Wednesday, 4 October 2017: 10:00
Chesapeake K (Gaylord National Resort and Convention Center)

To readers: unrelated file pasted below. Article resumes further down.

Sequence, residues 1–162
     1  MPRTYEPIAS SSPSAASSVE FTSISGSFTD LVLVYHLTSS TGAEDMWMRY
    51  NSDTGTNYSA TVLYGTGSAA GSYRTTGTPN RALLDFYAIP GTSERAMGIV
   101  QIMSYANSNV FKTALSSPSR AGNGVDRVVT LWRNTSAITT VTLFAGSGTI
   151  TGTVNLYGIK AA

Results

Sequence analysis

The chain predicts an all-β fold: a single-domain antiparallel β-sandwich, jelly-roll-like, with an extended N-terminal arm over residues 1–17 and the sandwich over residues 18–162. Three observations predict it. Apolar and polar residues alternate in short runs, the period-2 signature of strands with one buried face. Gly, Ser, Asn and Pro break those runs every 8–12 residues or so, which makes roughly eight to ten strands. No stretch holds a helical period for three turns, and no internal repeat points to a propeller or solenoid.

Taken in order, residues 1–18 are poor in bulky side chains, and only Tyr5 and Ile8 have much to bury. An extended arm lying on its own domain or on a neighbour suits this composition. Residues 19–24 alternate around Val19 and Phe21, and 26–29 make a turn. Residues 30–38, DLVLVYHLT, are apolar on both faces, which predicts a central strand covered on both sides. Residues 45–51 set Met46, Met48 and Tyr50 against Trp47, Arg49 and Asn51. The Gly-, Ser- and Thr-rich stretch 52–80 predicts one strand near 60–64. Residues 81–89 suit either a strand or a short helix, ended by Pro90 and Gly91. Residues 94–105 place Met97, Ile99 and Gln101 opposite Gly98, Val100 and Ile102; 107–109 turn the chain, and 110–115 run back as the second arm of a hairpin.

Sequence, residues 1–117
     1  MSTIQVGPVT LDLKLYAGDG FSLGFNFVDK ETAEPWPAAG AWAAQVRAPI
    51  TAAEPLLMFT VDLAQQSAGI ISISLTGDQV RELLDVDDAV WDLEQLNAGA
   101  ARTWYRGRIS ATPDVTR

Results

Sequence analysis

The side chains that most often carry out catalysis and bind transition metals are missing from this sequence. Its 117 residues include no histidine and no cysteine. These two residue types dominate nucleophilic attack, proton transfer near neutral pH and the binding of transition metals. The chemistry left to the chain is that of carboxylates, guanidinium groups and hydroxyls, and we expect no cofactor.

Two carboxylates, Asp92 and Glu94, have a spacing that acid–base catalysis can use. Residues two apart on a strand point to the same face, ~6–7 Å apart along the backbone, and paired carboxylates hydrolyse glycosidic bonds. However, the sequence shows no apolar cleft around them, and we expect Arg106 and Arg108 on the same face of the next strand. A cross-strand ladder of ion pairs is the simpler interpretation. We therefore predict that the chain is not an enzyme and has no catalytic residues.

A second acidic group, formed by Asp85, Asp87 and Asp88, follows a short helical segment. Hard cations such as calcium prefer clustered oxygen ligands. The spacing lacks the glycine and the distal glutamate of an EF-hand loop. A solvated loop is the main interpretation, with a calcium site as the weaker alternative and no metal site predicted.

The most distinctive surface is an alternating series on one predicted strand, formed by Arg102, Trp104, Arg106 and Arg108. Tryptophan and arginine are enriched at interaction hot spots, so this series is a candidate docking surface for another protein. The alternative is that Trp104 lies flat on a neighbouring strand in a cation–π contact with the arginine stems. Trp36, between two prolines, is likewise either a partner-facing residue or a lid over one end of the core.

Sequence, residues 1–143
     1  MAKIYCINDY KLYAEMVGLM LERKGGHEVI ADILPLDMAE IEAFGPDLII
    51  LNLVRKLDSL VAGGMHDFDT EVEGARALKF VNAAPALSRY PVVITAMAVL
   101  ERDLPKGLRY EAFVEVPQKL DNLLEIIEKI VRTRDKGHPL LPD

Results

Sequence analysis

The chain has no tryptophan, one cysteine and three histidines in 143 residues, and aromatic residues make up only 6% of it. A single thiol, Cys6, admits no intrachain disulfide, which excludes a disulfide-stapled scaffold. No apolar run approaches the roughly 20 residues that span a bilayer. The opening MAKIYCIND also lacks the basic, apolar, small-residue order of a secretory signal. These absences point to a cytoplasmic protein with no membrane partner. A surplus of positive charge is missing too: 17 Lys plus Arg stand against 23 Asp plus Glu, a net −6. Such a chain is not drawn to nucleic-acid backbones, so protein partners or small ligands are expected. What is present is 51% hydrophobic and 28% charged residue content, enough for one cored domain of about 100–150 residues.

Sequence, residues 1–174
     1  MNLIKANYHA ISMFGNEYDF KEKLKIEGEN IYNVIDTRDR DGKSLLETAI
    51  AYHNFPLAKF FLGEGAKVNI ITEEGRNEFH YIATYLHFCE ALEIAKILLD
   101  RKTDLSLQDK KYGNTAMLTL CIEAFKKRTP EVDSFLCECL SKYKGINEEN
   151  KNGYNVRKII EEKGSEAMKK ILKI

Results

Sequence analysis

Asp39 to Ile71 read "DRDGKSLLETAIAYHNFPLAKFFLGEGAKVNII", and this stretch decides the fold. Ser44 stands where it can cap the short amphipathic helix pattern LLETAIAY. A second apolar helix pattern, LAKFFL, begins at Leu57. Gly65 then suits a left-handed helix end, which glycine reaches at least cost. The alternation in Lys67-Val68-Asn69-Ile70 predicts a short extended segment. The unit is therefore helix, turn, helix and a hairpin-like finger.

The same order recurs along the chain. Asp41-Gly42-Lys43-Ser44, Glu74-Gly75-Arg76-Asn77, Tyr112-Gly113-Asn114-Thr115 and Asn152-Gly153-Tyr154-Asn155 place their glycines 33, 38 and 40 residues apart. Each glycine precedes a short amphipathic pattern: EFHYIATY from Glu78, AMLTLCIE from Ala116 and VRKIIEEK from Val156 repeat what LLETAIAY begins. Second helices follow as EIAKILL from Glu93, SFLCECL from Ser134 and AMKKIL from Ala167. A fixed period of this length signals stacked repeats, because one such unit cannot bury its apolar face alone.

Transition metal oxides are of interest as cathodes for rechargeable, non-aqueous Mg2+ batteries due to the possibility for high voltage and capacity when paired with a magnesium metal anode. In general, it has been found that Mg2+ storage in oxides is much more sluggish than monovalent cation storage such as Li+ or H+. Several strategies have been proposed to overcome the kinetic activation barrier of Mg2+ storage in oxides, including the use of interlayer structural water and nanostructuring. While hydrated metal oxides such as MnO2 and V2O5 have been investigated, relatively little is known about the exact role of the structural water in such materials during Mg2+ storage. In this study, we utilize a model system of crystalline tungsten oxides with different degrees of hydration (WO3·nH2O, where n = 0, 1, or 2). This materials system allows for an investigation of two different types of structural water: one that is covalently bound to tungsten, and one that is present only in the interlayer. The effect of covalently bound water has not yet been investigated for Mg2+ storage. Using cyclic voltammetry and ex situ Raman spectroscopy and scanning electron microscopy, we find that in these materials, the Mg2+ energy storage mechanism is due to intercalation. Moreover, we find that the interlayer water in WO3·2H2O is not stable in a non-aqueous electrolyte and that the material quickly transforms to WO3·H2O. However, the covalently bound water in WO3·H2O is stable and as a result, this material exhibits faster kinetics than WO3. The improved kinetics come at the expense of the capacity, which decreases by approximately half as compared to the anhydrous material. These results provide additional insights into the benefits and drawbacks to use of hydrated metal oxides for Mg2+ storage.